The Mark Kendall Bingham Memorial Tournament, or Bingham Cup as it is more widely known, is the biennial world championships of gay and inclusive rugby.
The tournament was first held in 2002 in memory of 9/11 gay rugby hero Mark Bingham, one of the passengers who fought back against hijackers on board United flight 93. While Mark and all on the flight tragically lost their lives when the plane crashed near Shanksville, Pennsylvania, it is widely recognised that through the actions of those brave individuals on board, the plane did not continue on to its intented target.
As a gay man and regular rugby player, Mark played for San Francisco Fog as well as helped set up the Gotham Knights in New York City.
Mark’s legacy sees rugby players, supporters and staff from around the world coming together every two years in a celebration of equality, inclusivity and sportsmanship. 49 teams from 17 countries participated in Bingham Cup Nashville 2016.
The current world champions are the Melbourne Chargers, lifting the trophy for the first time in Nashville, USA.
Previous host cities:
- 2002 : San Francisco, CA, USA
- 2004 : London, UK
- 2006 : New York City, NY, USA
- 2008 : Dublin, Ireland
- 2010 : Minneapolis, MN, USA
- 2012 : Manchester, UK
- 2014 : Sydney, Australia
- 2016 : Nashville, TN, USA
The 9th edition of the Bingham Cup will be held in Amsterdam, the Netherlands, the first time that the tournament will take place on the European continent. The tournament will be hosted by the ARC Amsterdam Lowlanders under the auspices of International Gay Rugby (IGR) and Rugby Nederland, the governing body for rugby union in the Netherlands.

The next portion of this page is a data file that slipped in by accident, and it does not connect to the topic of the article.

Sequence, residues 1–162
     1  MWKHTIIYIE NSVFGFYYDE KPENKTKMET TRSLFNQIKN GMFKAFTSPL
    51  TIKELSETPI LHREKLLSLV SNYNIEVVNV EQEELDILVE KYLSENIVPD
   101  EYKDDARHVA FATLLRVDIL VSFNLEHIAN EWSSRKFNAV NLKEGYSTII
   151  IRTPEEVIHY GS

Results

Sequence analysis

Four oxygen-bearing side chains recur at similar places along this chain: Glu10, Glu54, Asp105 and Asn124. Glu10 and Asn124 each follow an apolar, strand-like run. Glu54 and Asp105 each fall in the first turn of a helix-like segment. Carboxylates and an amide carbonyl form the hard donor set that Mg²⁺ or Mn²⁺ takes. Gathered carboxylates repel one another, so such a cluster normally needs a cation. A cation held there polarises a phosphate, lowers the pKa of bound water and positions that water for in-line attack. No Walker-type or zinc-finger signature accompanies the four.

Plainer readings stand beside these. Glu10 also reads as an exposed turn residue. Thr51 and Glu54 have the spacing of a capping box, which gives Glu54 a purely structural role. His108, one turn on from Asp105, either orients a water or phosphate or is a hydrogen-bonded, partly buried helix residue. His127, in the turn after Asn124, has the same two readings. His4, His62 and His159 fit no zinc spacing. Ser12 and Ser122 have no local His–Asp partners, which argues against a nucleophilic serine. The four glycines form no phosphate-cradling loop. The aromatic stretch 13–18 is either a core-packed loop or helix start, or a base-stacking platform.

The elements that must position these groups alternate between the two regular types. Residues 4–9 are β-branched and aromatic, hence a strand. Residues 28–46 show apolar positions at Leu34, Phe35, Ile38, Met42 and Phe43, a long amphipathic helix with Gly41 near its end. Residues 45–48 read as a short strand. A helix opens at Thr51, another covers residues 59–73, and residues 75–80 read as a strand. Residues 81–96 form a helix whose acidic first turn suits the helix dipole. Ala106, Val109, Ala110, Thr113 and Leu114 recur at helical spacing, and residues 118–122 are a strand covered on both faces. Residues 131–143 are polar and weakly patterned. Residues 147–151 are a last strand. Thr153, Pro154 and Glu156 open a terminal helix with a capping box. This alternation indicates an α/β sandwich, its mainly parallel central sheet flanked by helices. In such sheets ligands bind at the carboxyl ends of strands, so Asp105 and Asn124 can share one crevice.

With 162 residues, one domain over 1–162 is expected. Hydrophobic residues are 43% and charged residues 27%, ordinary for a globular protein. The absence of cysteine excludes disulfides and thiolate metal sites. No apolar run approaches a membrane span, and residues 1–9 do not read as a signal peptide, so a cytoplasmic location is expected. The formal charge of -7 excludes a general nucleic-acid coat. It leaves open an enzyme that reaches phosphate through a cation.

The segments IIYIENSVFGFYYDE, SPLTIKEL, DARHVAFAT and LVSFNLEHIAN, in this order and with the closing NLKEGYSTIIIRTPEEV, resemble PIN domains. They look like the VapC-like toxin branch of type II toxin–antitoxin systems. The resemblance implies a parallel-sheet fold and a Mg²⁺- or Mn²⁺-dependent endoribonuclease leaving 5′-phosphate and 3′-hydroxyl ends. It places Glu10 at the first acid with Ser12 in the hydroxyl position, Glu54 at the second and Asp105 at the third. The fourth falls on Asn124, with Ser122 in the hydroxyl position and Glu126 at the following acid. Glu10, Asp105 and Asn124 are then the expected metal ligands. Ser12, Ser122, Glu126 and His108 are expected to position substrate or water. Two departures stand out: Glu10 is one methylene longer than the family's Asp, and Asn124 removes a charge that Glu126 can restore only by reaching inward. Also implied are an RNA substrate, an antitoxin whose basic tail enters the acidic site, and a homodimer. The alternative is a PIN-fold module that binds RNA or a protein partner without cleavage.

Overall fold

Mark Bingham and his mom Alice Hoagland
The Bingham Cup is named in honour of Mark Bingham, a great rugby player and a great guy. He is also now known internationally as one of the heroes of 9/11. The global gay rugby community are privileged to compete in the Bingham Cup named in his honour.
Mark Bingham, a former University of California, Berkeley rugby star, was instrumental in the establishment of the San Francisco Fog Rugby Football Club. A few months later after the Fog was admitted to the Northern Californian Football Union, Bingham died in the September 11 attacks on board United Airlines Flight 93. He was one of a group of passengers who took amazing measures to attack the hijackers, which eventually led to them crashing the plane into a vacant field in Pennsylvania instead of its targets of Washington, D.C.
At the time of Mark Bingham’s tragic death, only six gay and inclusive rugby clubs existed worldwide. Today there are more than 60 clubs. The Bingham Cup is the global event that promotes rugby union as an inclusive non-discriminatory sport.
In an email to the Fog after their acceptance into their local union, Bingham wrote, “We have the chance to be role models for other gay folks who wanted to play sports, but never felt good enough or strong enough. More importantly, we have the chance to show the other teams in the league that we are as good as they are. Good rugby players. Good partiers. Good sports. Good men.”